Ford Grand C-Max Review & Ratings

People carrier gets updated engines, a fresh face and more advanced safety kit. Good to drive and to live with but bigger rivals aren’t that much more expensive.

WITH SLIDING DOORS and seven seats, and measuring only 16cm longer and less than lcm wider than a Ford Focus, the Grand C-Max sounds like the ideal transport for a hectic family.

This update of the model brings a new, more efficient engine range that now starts with the 1.0-litre Ecoboost petrol- a three-cylinder, turbocharged engine that produces either ggbhp or i24bhp.

It continues with 1.5 and 2.0-litre diesels, the latter available with a twin-clutch automatic gearbox.

Other changes include a revised interior and exterior, and improved optional safety aids.

Decent space, improved fascia The seat layout is as before with the second row comprising two full-size, sliding seats plus a narrow middle section that’s uncomfortable to sit on.

This central part can be folded and hidden away, leaving a corridor to the third row which consists of two occasional seats, each of which can be unfolded with one hand. Provided you’re not worried about squashing people in this back row, the full-size seats in the middle row slide back to create loads of room.

With five seats in place the boot is a square, 475-litre area that’s a bit smaller than the boot in a Peugeot 5008. Nonetheless it is deep and will take most bulky everyday items easily. There’s little luggage space with all seven seats in use, though.

The updated dashboard is taken from the Focus and is a real improvement. It has an 8.0in touchscreen that’s standard on mid-spec Titanium versions and upwards. This is the trim we’d go for.

Entry-level Zetec gets air-con and rear parking sensors but Titanium adds climate control, automatic lights and wipers, and cruise control. You also have to go with Titanium and beyond to get the 2.0-litre diesel engine.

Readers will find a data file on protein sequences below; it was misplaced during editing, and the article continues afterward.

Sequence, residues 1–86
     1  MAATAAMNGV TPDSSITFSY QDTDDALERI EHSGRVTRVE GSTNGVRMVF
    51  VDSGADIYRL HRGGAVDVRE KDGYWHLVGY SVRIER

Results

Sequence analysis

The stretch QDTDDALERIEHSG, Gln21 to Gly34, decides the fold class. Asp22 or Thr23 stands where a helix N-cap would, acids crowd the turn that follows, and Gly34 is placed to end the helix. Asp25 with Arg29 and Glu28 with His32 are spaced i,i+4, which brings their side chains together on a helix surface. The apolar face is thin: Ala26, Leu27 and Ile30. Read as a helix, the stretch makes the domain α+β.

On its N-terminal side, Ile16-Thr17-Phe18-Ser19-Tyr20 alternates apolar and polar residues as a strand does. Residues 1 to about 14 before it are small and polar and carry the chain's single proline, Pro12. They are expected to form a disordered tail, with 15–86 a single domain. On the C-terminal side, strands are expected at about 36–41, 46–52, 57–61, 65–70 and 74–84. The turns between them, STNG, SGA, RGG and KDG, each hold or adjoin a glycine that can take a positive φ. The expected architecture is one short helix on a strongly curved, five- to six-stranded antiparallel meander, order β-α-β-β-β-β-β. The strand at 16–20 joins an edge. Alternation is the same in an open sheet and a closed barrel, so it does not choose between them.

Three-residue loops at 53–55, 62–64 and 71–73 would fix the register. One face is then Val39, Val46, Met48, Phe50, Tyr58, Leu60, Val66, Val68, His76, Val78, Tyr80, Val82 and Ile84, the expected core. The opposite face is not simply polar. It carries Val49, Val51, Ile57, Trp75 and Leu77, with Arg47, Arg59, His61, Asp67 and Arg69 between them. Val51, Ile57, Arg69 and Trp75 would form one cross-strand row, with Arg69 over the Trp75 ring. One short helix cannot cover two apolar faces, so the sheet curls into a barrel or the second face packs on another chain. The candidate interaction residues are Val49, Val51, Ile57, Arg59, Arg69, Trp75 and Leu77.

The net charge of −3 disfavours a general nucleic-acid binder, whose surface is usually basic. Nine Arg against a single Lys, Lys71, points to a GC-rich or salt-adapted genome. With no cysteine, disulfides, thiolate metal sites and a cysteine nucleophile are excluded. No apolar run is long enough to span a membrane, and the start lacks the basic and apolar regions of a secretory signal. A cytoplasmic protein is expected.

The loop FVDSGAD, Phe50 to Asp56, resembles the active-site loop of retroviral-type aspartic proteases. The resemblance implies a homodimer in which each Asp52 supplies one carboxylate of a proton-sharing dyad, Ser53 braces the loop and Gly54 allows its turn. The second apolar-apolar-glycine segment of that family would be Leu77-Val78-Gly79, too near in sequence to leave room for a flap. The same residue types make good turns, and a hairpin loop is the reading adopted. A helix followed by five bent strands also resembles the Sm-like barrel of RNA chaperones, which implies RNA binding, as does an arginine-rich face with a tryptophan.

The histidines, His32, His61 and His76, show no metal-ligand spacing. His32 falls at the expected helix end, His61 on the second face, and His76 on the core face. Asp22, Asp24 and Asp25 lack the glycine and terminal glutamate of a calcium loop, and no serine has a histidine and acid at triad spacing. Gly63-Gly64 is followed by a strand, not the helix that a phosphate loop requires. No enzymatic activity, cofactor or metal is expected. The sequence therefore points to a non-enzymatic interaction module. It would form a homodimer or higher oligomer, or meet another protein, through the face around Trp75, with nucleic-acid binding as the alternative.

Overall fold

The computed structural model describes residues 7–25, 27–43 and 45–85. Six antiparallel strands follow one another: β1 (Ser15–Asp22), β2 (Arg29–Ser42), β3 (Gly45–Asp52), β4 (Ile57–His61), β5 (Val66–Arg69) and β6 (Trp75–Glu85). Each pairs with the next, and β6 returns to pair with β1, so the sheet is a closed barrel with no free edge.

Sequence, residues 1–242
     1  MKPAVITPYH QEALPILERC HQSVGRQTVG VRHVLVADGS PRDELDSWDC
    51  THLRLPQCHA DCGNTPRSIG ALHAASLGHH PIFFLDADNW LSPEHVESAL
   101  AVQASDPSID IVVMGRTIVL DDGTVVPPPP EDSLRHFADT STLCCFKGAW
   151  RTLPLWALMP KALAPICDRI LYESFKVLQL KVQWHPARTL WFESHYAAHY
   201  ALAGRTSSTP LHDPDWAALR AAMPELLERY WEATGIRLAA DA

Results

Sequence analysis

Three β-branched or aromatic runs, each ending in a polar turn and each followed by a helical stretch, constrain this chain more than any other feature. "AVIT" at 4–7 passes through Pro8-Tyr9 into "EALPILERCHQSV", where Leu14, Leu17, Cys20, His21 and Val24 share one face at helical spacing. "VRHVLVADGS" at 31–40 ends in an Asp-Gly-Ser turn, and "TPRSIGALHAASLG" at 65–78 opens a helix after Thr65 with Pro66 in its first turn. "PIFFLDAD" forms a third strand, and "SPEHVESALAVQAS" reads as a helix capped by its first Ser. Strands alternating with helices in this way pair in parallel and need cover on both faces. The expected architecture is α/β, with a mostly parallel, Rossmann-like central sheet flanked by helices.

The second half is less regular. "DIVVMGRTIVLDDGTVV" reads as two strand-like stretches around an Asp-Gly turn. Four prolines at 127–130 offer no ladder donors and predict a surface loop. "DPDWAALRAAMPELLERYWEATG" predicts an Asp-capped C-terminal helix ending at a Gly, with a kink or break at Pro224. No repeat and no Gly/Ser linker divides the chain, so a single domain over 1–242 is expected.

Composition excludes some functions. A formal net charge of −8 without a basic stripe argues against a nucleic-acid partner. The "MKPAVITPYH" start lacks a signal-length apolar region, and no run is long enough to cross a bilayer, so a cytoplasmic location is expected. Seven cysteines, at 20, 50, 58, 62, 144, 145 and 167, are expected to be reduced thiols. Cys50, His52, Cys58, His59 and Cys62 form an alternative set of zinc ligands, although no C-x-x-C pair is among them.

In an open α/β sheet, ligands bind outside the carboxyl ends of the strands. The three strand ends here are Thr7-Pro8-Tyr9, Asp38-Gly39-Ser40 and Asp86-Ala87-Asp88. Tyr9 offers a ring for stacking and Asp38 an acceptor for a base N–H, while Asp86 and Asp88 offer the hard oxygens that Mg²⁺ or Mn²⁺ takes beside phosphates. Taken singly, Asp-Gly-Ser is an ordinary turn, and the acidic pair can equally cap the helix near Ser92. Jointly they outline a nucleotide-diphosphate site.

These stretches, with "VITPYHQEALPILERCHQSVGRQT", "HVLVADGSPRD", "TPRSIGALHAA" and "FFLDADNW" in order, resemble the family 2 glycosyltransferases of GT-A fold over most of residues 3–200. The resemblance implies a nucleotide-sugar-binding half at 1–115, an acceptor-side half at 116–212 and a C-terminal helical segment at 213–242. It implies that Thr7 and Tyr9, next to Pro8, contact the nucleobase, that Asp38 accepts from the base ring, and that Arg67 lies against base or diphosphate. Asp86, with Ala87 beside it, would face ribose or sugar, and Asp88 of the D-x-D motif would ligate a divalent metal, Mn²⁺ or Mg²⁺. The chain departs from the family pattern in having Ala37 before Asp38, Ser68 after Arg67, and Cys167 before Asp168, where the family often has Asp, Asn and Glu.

There’s now some useful (optional) safety tech on offer, too, including automatic emergency braking, blind-spot warning and an automatic parking system.

Pleasant to drive and quieter The 2.0-litre diesel is punchy at speed and will hold low revs for relaxed town driving. Body lean is well controlled and the Grand C- Max corners well. The suspension irons out the worst bumps and ruts. A light gearshift and easily modulated pedal response make it an easy car to drive smoothly in traffic, too.

Road noise is now better than it was thanks to the addition of more cabin insulation, while the 2.0-litre diesel is vocal only when you’re accelerating hard. Wind noise remains noticeable at motorway speeds, however.

Visibility is only so-so. Chunky windscreen pillars can obscure the view and there’s a fairly big blind spot over the left shoulder.

Check out bigger rivals first

The Grand C-Max is easy yet enjoyable to drive and has a versatile interior. Its running costs are competitive, particularly for company car buyers who will find it cheaper to tax than most key rivals.

Just be sure you wouldn’t be better off with a ‘proper’ seven- seater such as a Citroen Grand C4 Picasso or even the new Ford S-Max. These are more spacious and feel like a lot more car, for what could be not much more money.

Ford Grand C-Max Gallery

Ford Grand C-Max
Ford Grand C-Max
Ford Grand C-Max
Ford Grand C-Max
Ford Grand C-Max
Ford Grand C-Max
Ford Grand C-Max
Ford Grand C-Max
Ford Grand C-Max
Ford Grand C-Max
Ford Grand C-Max
Ford Grand C-Max
RECOMMENDED
BMW X5
5.09.2015
Mini Coupé
12.02.2018
Skoda Felicia
27.01.2016
26.06.2015
Subaru XV
15.02.2018
Pagani Zonda
13.11.2015
8.06.2016
15.02.2015